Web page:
How long for clients to pay


#1

I just started freelancing and am struggling with how long I should let clients have to pay. I think inside of 30 days is all I should put up with but I don’t know what’s standard (if anything is).


#2

30 days maximum. Late fees accruing daily after that. Have it in your contract.


#3

It really depends from the field, the standards, the competition, what you can shoulder and how much you are willing to compromise to meet the client if your views differ but you want to keep them (assuming they pay reliably).

Some fields and countries even 120 days could be common/normal, as it’s accepted that money trickles through many layers and can take time to reach some people. Some others anything longer than third in advance, third on design approval and third one week from end + 5 business day for the transaction is considered unacceptable.

For a from home contractor in the States I’d say three weeks + bank time, so a four week total at the most, would be reasonable and common enough.
Frontload split and milestone payments are up to you and the fine balance between trusting the client and not making them feel insulted.


#4

“Some fields and countries even 120 days could be common/normal,”

Ha, isn’t that a kick in the head, landlords on the other hand expect the rent check by the first of the month, and grocery stores before you leave.


#5

Cashflow needs really dictate what you need. You could make the terms, but typically larger companies take 30-120 days. We’ve even had clients take up to 12 months. Usually the larger the balance, the longer it takes. We try to work on monthly billing cycles with large accounts.

The problem is that most clients are also waiting for clients to pay. So their 30 day wait, turns into your 60 day wait. When I freelanced, I made new clients cash on delivery. Sometimes I tried to get a deposit if possible. After several jobs and when a relationship of trust is fostered, I would move onto 30 days.

Unfortunately, you need cashflow and multiple sources of income to comfortable handle delayed payments. Its is standard practice it seems and may make you less marketable if you don’t have that flexibility.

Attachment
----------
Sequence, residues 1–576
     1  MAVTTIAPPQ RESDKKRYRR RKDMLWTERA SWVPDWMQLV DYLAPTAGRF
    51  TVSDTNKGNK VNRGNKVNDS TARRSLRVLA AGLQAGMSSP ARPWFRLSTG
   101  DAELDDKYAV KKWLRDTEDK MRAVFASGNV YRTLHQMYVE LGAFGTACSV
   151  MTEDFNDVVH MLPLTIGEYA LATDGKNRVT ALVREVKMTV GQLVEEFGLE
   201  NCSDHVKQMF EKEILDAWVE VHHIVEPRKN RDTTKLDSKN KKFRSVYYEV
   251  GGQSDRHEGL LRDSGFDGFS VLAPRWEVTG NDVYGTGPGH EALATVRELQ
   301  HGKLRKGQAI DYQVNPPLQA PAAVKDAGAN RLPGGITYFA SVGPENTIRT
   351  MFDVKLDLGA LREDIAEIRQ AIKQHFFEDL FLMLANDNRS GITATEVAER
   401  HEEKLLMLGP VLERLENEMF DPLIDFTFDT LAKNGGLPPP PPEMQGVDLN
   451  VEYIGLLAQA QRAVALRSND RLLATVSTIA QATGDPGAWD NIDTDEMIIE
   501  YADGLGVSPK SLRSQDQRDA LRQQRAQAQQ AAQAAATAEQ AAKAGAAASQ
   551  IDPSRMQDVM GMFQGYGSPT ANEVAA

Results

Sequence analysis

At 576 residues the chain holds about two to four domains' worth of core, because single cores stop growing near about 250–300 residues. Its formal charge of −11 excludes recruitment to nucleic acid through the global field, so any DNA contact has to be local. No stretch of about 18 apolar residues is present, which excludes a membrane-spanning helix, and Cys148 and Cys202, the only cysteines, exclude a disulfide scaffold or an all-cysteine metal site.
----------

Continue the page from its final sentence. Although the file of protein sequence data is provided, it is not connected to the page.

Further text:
Maybe you could work on attaining quick pay clients first, then develop the longer term clients when you have a solid base of “bread and butter” clients.


#6

On one hand you have the whole point about your landlord wanting the money on time, and your supermarket stubbornly refusing you pay six months later. When you put it like that, it does sound insane, and in some cases it is both insane, and downright exploitative, especially when unnecessary middle men come into the picture (we’ll pay you when the client pays us, yet they offer no additional benefit to either side).

In some other cases though there are healthy microeconomies that over the years have stabilised around that (some even longer, in fact), and while the ones involving individuals and such long waits are rare, they do exist, and might not necessarily be speculation and exploitation on someone’s side up the ladder, just how that particular economic cycle moves.

I have a good friend who works by that model (after a 10% frontload and some very small milestone payments) because it ended up enabling his clients to turn a higher profit, and buy more. It works for both, they stick to it to mutual advantage.

At the end of the day, way I see it, the important thing is both sides respect what they agreed on.
If you signed something with no frontloading and payment one year after final delivery, there is nothing bad in the client paying you 365 days after you deliver, you agree to it.

I’d find worse a two weeks agreement that gets pushed to three, because the unforeseen delays and the repeated lies are usually more damaging than an agreed on long term if you’re a good manager and agreed to something you could sustain in first place.

We also don’t deal much with the debt/credit derivates of virtual money in our fields, so hard cash tends to be king, whenever delivered, but for companies turning around enough commission work, and associated with the right institutions and companies, virtual capital from a gap between credit and debt can mean a lot of money.


#7

Yeah, the whole.thing is a real mess. Sometimes clients with great cash flow actually pay quicker or at least within 2 weeks.

Lack of cash.flow.and getting burned a few times can really crush you if you are not careful.


#8

You should be flexible with your client but at a some point you have to decide that cash flow is their problem. If they need more capital to finance their company they need to find it.


#9